Finally, I believe that the attorney you hire should practice primarily in family law. Familiarity with the Texas family courts, the Texas family code, and the intricacies of Community property and custody are all important for adequately representing someone going through a difficult divorce. The more experienced your attorney is with handling divorce cases, the more likely they will be with divorces involving circumstances like yours. This familiarity can be the difference between proceeding down a path towards success in making avoidable mistakes.

At this point, I will mention that the attorneys with the Law Office of Bryan Fagan all have the requisite degree of experience, fortitude, and familiarity with the courts. I'm here in the county to represent you and your interests in a divorce. Family law is our firm's area of focus, and we take a great deal of pride in serving our community through diligent and professional representation. A free-of-charge consultation with one of our experienced family law attorneys is available six days a week in person, over the phone, and via video.

Know what you are negotiating for

The last piece of advice that I will provide to you regarding intentionality in a divorce is to know what you were negotiating for and not to lose sight of your reasons for taking various positions. In reality, I am thinking more so about how you and your attorney should be preparing for final orders mediation in a contested divorce. When it comes to preparing for the negotiating within mediation, you must know what you are trying to prove regarding child casting in the Community property division. Once you have identified your specific goals, you can work to achieve them by actively participating in preparing for mediation with your lawyer.

When our attorneys consider our clients' goals and mediation, they do so from a perspective of wanting to achieve as many of those goals as possible; it may not be possible for you to achieve every goal that you have for mediation. Still, the least you and your attorney can do is write down your most significant goals and attach a plan of attack for achieving them. That may involve laying the groundwork before mediation by negotiating with your spouse diligently before physically attending mediation.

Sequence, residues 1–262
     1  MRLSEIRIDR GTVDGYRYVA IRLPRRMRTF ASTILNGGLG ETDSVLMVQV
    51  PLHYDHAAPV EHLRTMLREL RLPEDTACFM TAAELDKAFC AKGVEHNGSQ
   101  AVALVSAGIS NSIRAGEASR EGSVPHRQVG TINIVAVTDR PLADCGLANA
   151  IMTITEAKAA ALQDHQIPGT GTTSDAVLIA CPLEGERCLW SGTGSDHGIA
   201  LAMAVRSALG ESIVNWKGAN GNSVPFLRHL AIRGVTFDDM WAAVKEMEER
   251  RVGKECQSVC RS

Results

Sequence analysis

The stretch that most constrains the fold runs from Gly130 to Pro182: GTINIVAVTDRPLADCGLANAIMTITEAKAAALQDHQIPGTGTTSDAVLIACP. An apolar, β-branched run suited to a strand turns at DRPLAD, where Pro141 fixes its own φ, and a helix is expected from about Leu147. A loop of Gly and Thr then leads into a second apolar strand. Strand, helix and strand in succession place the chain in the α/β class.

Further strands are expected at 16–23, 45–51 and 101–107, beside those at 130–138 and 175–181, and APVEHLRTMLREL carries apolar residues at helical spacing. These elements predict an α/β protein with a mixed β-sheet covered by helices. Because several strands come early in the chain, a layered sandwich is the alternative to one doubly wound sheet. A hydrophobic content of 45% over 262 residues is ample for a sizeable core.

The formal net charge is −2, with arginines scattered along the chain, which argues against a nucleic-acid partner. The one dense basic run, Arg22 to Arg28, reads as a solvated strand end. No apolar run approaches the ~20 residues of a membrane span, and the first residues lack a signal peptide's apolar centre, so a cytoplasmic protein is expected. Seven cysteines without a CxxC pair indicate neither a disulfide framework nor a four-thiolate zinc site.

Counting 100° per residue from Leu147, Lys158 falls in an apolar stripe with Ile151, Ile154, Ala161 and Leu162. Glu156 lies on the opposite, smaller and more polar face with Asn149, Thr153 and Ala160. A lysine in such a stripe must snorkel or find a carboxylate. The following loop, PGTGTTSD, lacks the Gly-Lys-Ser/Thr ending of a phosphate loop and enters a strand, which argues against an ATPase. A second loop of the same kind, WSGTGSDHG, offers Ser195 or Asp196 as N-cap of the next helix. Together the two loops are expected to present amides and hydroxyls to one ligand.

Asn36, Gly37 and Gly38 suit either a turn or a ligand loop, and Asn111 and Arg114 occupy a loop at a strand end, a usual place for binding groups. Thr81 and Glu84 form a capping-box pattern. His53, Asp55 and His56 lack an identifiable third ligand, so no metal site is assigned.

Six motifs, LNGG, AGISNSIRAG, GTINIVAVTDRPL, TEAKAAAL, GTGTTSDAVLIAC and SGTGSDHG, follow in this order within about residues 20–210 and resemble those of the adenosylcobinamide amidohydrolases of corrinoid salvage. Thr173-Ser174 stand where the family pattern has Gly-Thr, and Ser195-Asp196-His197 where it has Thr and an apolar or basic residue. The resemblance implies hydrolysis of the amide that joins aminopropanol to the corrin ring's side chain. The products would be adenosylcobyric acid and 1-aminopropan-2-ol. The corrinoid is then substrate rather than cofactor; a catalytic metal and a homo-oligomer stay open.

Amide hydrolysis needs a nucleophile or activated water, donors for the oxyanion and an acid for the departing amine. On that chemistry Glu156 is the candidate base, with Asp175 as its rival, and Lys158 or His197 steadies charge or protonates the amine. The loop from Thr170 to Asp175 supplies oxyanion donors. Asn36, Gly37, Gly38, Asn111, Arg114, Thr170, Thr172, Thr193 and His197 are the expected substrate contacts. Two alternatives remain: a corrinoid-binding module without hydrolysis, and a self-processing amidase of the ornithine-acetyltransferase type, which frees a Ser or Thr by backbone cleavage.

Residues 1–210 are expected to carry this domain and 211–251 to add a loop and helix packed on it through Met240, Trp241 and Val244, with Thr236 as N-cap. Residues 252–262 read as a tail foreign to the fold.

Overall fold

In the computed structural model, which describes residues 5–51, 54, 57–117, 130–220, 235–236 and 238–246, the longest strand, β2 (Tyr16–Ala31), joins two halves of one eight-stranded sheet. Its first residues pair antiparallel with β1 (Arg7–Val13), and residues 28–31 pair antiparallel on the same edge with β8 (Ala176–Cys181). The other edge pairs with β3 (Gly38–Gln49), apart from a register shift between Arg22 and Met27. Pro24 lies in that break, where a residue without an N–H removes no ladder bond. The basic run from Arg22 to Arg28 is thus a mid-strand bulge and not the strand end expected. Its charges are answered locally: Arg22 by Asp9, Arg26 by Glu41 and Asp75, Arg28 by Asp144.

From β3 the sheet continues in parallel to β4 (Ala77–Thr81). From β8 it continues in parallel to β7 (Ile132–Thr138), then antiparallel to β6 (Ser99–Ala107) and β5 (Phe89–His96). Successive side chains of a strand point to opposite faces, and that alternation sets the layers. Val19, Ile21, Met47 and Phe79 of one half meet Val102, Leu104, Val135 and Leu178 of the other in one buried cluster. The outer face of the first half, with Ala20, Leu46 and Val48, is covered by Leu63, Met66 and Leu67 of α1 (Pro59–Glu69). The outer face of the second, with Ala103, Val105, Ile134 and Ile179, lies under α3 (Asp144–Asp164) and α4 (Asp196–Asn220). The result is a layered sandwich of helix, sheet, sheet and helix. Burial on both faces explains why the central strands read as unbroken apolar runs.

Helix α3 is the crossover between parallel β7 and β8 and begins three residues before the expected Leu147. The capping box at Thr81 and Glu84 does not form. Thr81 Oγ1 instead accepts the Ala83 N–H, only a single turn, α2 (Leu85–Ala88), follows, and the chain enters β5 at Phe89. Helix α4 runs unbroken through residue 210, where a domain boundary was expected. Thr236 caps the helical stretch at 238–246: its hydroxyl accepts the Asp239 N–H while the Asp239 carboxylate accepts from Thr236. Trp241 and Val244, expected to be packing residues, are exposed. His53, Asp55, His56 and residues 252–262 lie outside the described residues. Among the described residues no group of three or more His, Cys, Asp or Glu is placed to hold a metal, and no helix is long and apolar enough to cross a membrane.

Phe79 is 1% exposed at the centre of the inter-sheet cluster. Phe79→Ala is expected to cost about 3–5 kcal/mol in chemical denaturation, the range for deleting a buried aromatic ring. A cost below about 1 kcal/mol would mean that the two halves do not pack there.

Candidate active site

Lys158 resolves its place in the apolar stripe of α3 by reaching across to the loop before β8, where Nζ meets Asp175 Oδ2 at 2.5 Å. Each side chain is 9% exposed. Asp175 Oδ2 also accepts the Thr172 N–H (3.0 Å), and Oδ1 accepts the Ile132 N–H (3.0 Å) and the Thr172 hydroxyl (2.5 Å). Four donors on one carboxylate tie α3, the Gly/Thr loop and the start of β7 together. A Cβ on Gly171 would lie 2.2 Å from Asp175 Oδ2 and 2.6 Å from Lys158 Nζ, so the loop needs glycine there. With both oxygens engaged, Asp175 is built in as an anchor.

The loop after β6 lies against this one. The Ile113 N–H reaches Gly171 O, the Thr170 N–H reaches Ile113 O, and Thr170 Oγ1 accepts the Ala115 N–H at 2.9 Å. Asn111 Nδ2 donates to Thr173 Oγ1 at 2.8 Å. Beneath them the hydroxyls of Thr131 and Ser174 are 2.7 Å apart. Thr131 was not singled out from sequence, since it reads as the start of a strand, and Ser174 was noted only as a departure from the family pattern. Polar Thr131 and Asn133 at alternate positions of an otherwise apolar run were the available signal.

It may also mean willingly giving precedence to certain goals while being willing to focus less on others to achieve your more important objectives. If your attorney asks you but your most important goals are, you cannot list 10 to 15 goals. Achieving every one of your goals in the exact way that you want may not be realistic based on the circumstances of your case. However, if you want to have 50/50 custody of your children, then there is probably a way to achieve that.

It would be best if you kept in mind that it is very little you could do to truly improve your positioning in terms of custody and conservatorships once a divorce begins. A family court judge will look to your history as a parent when raising your children when determining custody and conservatorships. As a result, playing hardball on this subject when you are not able to do so based on your history as a parent would not be wise. You are better off negotiating from your strengths and not attempting to bite off more than you can chew in custody or conservatorships.

Another aspect of being intentional about defining your goals in mediation is that you need to show your spouse why you are approaching negotiations the way you are. For one, in answering discovery questions from your spouse, you should have already provided the information that forms the basis of your opinions. Additionally, I like to be able to come ready with spreadsheets and other documents to show your spouse while you are taking the positions you are.

Why do I think this is so important? It is frustrating in mediation to go back and forth with counterproposals during settlement talks when you believe that your spouse is not being reasonable or is hiding information. Rather than get into this sort of position, I like to provide my opposing party with all the information here she needs to see why we are looking at information the way we are. This can control the frustration level and also provide some clarity on why you are negotiating the way that you are.

Questions about the material contained in today's blog post? Contact the Law Office of Bryan Fagan

If you have any questions about the material contained in today's blog post, please do not hesitate to contact the Law Office of Bryan Fagan. Our licensed family law attorneys offer free of charge consultations six days a week in person, over the phone, and via video. These consultations are a great way for you to learn more about the world of Texas family law and how your family's circumstances may be impacted by the filing of a divorce or child custody case.